Kafka, in a letter to Robert Klopstock (December 19, 1923), wrote: “What is the Talmud if not a message from the distance?” In Kafka’s singularly purified German (prophetic of Paul Celan’s) this reverberates with a sense of loss. I cannot conceive of such a question expressed in Yiddish, where the Talmud always is close by, helping to make Yiddish perhaps uniquely the language of questions. Of Yiddish, Kafka remarked that it was a language that “consists only of foreign words.” Yet they “do not rest within it, but rather preserve the haste and vivacity, with which they were taken in.” This was in a talk on February 18, 1912, introducing a Yiddish theater troupe’s performance in the Jewish City Hall of Prague. Famously the speech began with a marvelous irony: “I would like to assure you, ladies and gentlemen, that you understand far more Yiddish than you think.” What an appropriate epigraph that would be for Weinreich’s History !
The uncanny familiarity of Yiddish for Jewish (and some Gentile) nonspeakers has something to do with its insinuating, questioning quality. Yiddish is the Hamlet of languages; the Prince of Denmark’s play abounds with questionable enigmas and a plethora of instances of the word “questions.” Harshav emphasizes the derivation of Yiddish questioning from Talmudic procedures and of Kafka’s parallel imitation of Talmudic learning in the self-questionings of his characters. As illustrations I would suggest: “Why not?” “Why ask?” “Who asks?” “What is the alternative?” “What and how does it mean?” “If that is the case, then does not a question arise?” These all can be seen as deriving from the Talmud.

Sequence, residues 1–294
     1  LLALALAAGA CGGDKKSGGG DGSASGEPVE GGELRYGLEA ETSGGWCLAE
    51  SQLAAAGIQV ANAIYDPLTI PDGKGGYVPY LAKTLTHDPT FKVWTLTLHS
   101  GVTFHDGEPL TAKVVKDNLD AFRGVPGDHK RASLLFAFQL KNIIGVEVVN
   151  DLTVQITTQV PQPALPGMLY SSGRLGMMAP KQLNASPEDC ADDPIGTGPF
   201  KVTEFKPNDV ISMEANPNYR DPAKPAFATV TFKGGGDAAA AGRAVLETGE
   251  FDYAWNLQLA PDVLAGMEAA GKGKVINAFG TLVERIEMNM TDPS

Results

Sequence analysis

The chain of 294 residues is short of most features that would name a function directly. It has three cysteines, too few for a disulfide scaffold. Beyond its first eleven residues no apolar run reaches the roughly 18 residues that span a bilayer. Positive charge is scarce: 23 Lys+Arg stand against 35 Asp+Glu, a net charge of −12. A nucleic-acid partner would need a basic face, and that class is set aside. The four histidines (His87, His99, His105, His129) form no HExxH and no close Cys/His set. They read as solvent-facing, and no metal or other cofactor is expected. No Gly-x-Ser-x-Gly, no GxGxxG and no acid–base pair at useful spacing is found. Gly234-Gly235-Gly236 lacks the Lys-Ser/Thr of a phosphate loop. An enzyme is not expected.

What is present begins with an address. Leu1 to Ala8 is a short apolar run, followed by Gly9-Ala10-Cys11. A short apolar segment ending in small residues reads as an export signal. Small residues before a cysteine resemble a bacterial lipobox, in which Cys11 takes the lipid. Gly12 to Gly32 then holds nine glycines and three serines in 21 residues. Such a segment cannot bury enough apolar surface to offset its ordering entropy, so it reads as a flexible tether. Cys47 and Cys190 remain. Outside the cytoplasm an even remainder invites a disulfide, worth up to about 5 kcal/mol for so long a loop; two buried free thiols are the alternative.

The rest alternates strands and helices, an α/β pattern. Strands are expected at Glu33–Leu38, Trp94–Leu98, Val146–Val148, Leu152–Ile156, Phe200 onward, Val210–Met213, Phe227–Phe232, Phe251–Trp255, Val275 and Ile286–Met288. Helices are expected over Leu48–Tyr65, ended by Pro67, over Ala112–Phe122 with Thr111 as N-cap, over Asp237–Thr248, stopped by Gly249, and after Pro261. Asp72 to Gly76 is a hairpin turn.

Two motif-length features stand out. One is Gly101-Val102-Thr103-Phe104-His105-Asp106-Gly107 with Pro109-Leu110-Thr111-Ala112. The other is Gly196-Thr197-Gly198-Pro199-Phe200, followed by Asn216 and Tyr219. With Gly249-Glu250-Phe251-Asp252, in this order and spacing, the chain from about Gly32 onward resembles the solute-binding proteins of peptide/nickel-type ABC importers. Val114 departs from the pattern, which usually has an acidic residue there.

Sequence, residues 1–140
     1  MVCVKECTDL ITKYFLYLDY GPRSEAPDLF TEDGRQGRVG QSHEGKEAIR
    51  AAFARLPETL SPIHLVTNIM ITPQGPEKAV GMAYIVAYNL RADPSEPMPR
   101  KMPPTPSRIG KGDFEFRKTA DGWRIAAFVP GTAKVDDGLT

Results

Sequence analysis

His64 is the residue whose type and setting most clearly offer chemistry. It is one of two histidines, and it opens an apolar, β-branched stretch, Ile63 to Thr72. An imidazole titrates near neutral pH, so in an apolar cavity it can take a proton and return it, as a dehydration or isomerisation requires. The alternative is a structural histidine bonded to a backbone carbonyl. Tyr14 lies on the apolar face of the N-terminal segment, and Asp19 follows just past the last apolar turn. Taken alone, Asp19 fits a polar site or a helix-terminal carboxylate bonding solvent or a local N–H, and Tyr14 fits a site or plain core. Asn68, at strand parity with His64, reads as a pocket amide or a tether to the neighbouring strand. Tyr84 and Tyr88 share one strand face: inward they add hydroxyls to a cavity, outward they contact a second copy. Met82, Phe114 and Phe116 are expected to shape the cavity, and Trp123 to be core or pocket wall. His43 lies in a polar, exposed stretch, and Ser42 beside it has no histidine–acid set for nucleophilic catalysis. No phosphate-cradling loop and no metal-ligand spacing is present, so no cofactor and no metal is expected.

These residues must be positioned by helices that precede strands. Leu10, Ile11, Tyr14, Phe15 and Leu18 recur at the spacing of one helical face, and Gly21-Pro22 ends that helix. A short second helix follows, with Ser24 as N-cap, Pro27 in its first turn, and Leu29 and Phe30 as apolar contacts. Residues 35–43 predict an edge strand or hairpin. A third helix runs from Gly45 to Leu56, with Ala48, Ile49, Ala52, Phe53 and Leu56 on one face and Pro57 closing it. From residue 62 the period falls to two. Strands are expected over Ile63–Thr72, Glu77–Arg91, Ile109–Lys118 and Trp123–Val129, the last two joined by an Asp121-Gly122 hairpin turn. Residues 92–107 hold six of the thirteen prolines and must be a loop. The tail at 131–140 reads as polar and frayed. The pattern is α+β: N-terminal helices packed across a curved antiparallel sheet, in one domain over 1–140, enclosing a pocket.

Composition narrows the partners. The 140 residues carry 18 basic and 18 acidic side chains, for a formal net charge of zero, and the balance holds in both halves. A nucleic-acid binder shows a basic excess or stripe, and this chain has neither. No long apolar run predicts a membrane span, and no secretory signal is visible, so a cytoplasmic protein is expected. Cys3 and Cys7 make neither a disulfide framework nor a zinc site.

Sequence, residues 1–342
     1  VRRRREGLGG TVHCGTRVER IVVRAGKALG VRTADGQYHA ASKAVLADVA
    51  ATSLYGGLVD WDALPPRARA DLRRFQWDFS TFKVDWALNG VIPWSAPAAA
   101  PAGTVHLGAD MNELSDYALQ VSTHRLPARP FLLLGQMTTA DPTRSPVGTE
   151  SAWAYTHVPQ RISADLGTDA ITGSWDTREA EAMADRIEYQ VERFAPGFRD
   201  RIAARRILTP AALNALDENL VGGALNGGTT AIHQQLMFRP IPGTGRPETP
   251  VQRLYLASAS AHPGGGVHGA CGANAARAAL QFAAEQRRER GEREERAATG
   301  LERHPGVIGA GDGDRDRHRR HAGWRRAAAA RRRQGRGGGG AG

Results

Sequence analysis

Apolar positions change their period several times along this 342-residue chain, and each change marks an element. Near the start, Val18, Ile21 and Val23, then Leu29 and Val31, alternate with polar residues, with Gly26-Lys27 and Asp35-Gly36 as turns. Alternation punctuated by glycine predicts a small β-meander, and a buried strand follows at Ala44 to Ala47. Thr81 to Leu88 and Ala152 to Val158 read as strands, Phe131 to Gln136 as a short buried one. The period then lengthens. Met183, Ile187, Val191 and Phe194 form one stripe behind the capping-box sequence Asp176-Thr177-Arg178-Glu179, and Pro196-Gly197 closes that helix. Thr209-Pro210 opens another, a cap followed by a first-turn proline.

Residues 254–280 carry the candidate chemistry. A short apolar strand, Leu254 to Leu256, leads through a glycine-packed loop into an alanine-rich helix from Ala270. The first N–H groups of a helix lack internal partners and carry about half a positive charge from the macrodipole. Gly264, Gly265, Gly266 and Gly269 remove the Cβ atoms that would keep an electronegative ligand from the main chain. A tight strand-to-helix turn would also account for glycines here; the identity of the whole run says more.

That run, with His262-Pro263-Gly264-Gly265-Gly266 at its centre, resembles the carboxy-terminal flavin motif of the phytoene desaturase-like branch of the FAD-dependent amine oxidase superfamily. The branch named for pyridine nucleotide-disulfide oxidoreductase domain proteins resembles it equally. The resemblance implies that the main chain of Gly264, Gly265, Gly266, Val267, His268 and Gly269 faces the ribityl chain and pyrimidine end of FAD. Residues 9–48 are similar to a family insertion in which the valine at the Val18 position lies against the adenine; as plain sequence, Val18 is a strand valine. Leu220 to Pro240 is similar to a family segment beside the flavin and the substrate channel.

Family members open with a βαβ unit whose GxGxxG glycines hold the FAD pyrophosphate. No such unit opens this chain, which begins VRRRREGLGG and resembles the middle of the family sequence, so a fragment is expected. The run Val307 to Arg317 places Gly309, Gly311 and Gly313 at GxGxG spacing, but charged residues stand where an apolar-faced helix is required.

Weinreich’s almost heroic emphasis throughout the History is that Yiddish uniquely is the language of the “Way” of the Talmud, but of course never quite of the Talmud itself. Though Yiddish and Talmud share the style of generally answering questions with fresh questions, I cannot imagine the Talmud written in Yiddish. The Judaism that upholds moral norms is more Talmudic than biblical: commentary lovingly usurps the text. Yiddish perpetually demonstrates that the normative—the upholding of standards—whether deriving from the Jewish covenant or personal beliefs, truly is a shifting series of masks. What is masked is change, and the necessity of change. Endlessly metamorphic, like Franz Kafka, Yiddish survived by its openness, but no language can survive the destruction of the small children who had begun to speak it.